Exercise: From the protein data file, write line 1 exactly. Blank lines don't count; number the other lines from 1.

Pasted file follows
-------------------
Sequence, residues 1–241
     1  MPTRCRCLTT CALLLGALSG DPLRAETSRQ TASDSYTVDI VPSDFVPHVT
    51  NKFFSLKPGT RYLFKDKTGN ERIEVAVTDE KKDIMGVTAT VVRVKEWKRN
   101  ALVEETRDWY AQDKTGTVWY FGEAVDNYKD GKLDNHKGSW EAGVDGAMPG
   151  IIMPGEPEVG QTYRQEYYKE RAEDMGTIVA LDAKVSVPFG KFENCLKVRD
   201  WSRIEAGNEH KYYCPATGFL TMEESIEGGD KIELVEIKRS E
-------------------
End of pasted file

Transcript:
Sequence, residues 1–241